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Federal Columbia River Power System Biological Opinion

The operation of the Federal Columbia River Power System (FCRPS) affects eulachon and the following 13 species of Columbia River Basin salmon and steelhead listed for protection under the Endangered Species Act (ESA).

The operation of the Federal Columbia River Power System (FCRPS) affects eulachon and the following 13 species of Columbia River Basin salmon and steelhead listed for protection under the Endangered Species Act (ESA).

  • Lower Columbia chum salmon
  • Lower Columbia Chinook salmon
  • Lower Columbia coho salmon
  • Lower Columbia steelhead
  • Middle Columbia steelhead
  • Snake River fall-run Chinook salmon
  • Snake River spring/summer-run Chinook salmon
  • Snake River sockeye
  • Snake River steelhead
  • Upper Columbia spring-run Chinook salmon
  • Upper Columbia steelhead
  • Willamette River spring-run Chinook
  • Willamette River steelhead

The ESA requires the agencies that operate the FCRPS (FCRPS Action Agencies) to ensure that their actions are not likely to jeopardize the continued existence of a listed species, nor result in the destruction or adverse modification of designated critical habitat.

The three FCRPS Action Agencies are the Army Corps of Engineers, Bonneville Power Administration, and the Bureau of Reclamation. The FCRPS Action Agencies consulted with NOAA Fisheries on the effects of FCRPS operations on ESA-listed species. The resulting FCRPS Biological Opinion (2008) guides the Action Agencies in operating the FCRPS and requires a series of mitigation measures, called Reasonable and Prudent Alternatives (RPA), to address effects on ESA-listed salmon, steelhead, and eulachon.

The actions in the FCRPS Biological Opinion are, in general, a 10-year operations and configuration plan for the FCRPS facilities, as well as the mainstem effects for various other hydro projects on Columbia River tributaries operated for irrigation purposes. The FCRPS Biological Opinion sets performance standards of 96 percent average per-dam survival for spring migrants and 93 percent for summer migrating fish. Additional actions includes habitat, hatchery, predation management, and harvest actions to mitigate for the adverse effects of the hydrosystem, as well as numerous research, monitoring, and evaluation actions to support and inform adaptive management decisions.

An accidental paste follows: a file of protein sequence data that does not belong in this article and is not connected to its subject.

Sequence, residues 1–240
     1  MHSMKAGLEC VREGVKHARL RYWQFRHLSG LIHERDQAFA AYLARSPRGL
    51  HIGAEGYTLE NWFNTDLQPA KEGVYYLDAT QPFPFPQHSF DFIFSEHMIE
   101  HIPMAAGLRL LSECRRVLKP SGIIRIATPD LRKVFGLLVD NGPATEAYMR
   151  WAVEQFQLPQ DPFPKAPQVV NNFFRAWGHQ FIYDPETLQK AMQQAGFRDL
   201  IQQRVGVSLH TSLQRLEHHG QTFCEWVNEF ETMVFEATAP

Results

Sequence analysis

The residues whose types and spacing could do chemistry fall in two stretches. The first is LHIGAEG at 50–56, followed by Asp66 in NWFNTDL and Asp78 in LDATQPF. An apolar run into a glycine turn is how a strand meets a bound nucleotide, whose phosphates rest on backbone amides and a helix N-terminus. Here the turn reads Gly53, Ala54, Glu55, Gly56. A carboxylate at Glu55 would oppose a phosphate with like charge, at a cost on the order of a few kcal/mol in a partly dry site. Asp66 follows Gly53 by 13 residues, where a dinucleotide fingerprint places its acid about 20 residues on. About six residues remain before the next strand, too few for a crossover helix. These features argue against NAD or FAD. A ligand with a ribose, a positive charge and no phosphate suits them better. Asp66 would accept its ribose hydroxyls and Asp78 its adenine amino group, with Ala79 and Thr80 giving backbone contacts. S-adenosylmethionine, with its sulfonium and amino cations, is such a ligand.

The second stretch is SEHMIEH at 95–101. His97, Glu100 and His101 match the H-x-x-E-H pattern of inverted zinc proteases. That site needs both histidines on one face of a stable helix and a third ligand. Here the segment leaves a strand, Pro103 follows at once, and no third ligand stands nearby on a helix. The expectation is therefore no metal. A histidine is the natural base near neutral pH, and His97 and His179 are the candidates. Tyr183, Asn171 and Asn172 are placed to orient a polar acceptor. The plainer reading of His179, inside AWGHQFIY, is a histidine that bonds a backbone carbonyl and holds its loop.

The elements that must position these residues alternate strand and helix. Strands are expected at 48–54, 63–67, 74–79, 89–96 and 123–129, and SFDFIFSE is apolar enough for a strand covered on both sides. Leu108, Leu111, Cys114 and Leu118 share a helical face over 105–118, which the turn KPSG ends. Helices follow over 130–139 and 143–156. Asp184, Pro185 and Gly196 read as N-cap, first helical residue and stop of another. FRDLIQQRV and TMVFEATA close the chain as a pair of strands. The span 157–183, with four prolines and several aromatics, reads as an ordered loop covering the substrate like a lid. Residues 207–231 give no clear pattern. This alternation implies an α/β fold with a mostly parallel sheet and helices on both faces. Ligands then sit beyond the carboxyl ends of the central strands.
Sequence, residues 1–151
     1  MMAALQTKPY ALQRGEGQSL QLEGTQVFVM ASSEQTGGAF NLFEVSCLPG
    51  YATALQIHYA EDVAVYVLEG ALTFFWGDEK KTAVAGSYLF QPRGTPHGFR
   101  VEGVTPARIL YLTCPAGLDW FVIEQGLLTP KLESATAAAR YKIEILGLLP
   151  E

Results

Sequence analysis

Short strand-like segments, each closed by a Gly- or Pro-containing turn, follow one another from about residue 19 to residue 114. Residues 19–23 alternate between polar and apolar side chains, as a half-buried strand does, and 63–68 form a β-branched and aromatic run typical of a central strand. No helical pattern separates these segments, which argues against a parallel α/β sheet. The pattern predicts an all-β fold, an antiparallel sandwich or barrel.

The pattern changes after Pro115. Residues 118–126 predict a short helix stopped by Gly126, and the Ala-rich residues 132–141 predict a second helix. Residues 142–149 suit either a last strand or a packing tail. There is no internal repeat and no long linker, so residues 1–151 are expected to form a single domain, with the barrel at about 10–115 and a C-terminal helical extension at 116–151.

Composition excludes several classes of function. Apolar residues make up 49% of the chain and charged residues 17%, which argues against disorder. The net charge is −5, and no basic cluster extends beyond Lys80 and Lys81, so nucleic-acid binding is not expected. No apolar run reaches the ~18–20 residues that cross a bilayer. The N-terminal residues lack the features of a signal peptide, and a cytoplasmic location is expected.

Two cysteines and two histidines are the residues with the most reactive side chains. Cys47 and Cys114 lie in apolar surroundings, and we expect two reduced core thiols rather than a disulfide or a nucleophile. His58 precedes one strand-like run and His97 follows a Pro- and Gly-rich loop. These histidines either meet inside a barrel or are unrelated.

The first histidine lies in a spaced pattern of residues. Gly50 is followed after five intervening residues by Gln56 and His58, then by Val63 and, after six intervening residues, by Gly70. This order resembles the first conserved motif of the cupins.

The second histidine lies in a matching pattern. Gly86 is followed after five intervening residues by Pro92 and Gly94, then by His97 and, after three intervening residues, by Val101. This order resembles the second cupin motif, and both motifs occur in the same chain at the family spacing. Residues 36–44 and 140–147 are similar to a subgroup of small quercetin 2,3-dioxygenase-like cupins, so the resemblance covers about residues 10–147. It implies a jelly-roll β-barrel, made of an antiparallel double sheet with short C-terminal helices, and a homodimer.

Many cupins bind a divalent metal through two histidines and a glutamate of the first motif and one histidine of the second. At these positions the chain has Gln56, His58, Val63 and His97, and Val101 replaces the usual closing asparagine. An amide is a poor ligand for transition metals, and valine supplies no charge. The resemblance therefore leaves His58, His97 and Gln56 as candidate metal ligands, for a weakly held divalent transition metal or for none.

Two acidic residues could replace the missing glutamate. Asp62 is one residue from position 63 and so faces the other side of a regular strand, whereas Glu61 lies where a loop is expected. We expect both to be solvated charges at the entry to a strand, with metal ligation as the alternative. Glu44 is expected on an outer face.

Regional state and tribal entities oversee the implementation of the FCRPS Biological Opinion through the Regional Oversight Implementation Group, consisting of senior policy representatives from federal agencies, the States, and tribes.

We updated the 2008 FCRPS Biological Opinion with the Adaptive Management Implementation Plan in 2009 and a Supplemental Biological Opinion in 2010. We subsequently developed a 2014 Supplemental FCRPS Biological Opinion to address a 2011 Court Remand Order requiring the agency to re-examine the 2008 and 2010 Biological Opinions and requiring more specific identification of habitat actions planned for the 2014-2018 period of the Biological Opinion. We adopted the 2014 Supplemental FCRPS Biological Opinion on January 17, 2014. Related documents are provided below.

Letters of Authorization for Research

NOAA Fisheries must issue a letter of authorization for research on ESA-listed species. As part of the FCRPS Biological Opinion, research on critical uncertainties enables us to address the effects of the FCRPS on ESA-listed species in the Columbia basin. Since this research impacts ESA-listed salmon, steelhead, and eulachon, it is included in the analysis and accounted for in the "Incidental Take Statement."

Projects receiving letters of authorization are required to follow certain handling criteria to minimize take and develop an annual report describing the actual take levels observed.

For a project to be eligible for a letter of authorization, it must meet the following requirements:

  1. research specifically required in the FCRPS Biological Opinion or the associated Adaptive Management Implementation Plan; or
  2. data produced by the research must be adequate to justify the amount of take requested.

We also recommend that the proposed research be reviewed by a regional fisheries review panel, such as the Independent Scientific Review Panel and Studies Review Work Group.

For more information please contact Chris Magel at Chris.Magel@noaa.gov.

Dam & System-wide Improvements

Mitigation Actions


Last updated by West Coast Regional Office on July 05, 2024